ANGIOGENESIS is the formation of new capillary blood vessels by a process of sprouting from existing microvascular vessels. It has a role during development and in the normal physiology of reproduction, formation of collaterals, and wound healing, but is also important under pathological conditions, where it contributes to the pathogenesis of a number of diseases such as diabetic retinopathy, tumor growth, and rheumatoid arthritis.1-5 In each system, the formation of new capillaries involves a series of discrete, but overlapping events, including (1) localized degradation of the endothelial cell basal lamina; (2) endothelial cell migration and extracellular matrix invasion; (3) endothelial cell proliferation; and (4) formation of capillary lumina and reconstitution of the basal lamina.6,7Given the (patho)physiological importance of angiogenesis, it is of clinical relevance to identify factors that either stimulate or inhibit those processes and to elucidate their mode of action.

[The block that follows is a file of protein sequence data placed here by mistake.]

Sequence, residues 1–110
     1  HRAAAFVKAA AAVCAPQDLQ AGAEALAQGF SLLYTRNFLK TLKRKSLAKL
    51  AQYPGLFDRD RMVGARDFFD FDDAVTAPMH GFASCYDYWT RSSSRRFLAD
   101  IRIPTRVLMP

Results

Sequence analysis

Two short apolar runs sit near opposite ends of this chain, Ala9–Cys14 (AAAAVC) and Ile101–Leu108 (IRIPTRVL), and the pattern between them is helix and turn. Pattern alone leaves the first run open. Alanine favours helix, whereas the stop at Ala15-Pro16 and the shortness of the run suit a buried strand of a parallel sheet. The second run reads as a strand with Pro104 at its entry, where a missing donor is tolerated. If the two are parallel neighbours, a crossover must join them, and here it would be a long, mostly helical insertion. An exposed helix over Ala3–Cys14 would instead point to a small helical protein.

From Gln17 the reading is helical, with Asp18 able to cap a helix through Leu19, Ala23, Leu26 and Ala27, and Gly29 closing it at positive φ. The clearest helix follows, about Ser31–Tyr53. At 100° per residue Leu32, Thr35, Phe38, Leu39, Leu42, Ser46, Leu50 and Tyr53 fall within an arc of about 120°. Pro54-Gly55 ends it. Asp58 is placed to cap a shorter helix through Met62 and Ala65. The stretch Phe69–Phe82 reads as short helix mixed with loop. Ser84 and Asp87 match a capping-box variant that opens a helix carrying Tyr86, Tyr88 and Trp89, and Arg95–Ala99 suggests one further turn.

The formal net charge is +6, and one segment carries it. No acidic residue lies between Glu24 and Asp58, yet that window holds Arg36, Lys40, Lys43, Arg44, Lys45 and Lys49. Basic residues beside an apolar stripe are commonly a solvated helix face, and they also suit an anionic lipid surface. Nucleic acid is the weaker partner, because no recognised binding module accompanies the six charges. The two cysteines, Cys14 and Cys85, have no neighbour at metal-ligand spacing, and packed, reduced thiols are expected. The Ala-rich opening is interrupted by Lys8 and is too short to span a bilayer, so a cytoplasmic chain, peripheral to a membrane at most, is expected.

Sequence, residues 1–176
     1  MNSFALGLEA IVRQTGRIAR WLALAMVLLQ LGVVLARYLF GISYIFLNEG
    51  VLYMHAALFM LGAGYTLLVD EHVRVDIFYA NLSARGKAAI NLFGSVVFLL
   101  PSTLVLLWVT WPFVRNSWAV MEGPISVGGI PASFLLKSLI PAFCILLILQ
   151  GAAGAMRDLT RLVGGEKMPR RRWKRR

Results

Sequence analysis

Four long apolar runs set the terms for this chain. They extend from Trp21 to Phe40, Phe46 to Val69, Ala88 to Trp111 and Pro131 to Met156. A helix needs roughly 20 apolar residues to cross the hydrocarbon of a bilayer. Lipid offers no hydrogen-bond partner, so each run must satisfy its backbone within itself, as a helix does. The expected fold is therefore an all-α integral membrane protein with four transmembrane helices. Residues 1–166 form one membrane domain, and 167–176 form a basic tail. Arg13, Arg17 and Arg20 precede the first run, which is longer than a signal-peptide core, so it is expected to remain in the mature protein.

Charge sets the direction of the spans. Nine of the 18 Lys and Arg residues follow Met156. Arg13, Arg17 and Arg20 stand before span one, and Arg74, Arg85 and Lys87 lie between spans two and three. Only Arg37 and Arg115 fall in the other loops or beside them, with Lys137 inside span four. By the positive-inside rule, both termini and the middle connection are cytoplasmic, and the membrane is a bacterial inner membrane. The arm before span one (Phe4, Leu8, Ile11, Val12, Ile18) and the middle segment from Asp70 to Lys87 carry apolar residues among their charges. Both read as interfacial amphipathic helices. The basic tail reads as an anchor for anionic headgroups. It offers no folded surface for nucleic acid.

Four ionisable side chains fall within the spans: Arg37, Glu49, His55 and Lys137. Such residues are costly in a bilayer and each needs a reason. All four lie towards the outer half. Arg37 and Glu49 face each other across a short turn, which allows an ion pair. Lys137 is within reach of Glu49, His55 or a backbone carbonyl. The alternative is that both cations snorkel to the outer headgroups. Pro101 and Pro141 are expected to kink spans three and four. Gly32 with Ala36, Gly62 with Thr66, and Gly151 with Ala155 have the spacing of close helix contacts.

Several reports have pointed to an effect of steroid hormones and retinoids (retinoic acid derivatives) on angiogenic activity. However, results have been conflicting, and both stimulatory and inhibitory activities of these compounds have been found.8-17 It is not clear at present, whether the variation in response to hormones relates to differences in assay systems, species, the parameter measured, or hormone concentration and metabolism. Many studies have been performed in nonhuman angiogenesis models and focused on individual components of the angiogenic process (for instance, proliferation or migration), rather than on the complete response of capillary tube formation. To gain more insight into the effect of hormones on angiogenesis in humans, we have developed an in vitro model, in which human foreskin microvascular endothelial cells (hMVEC) can be induced to invade a three-dimensional fibrin matrix thereby forming capillary-like tubular structures, which can be quantified by computer-assisted video analysis.18 In this in vitro model, both a growth factor (basic fibroblast growth factor [bFGF] or vascular endothelial cell growth factor) and a factor to induce urokinase-type plasminogen activator (u-PA), for example tumor necrosis factor-α (TNF-α), are necessary to induce capillary-like tubular structures. This model mimics the in vivo situation where fibrin appears to be a common component of the matrix present at sites of chronic inflammation and tumor stroma.19 Electron microscopy of cross sections showed that the capillary-like tubular structures have a lumen and are very much like capillary structures in vivo.18Tube-formation in this model was shown to be dependent on u-PA activity and plasmin activity, which are thought to play a role in the regulation of the first steps of angiogenesis.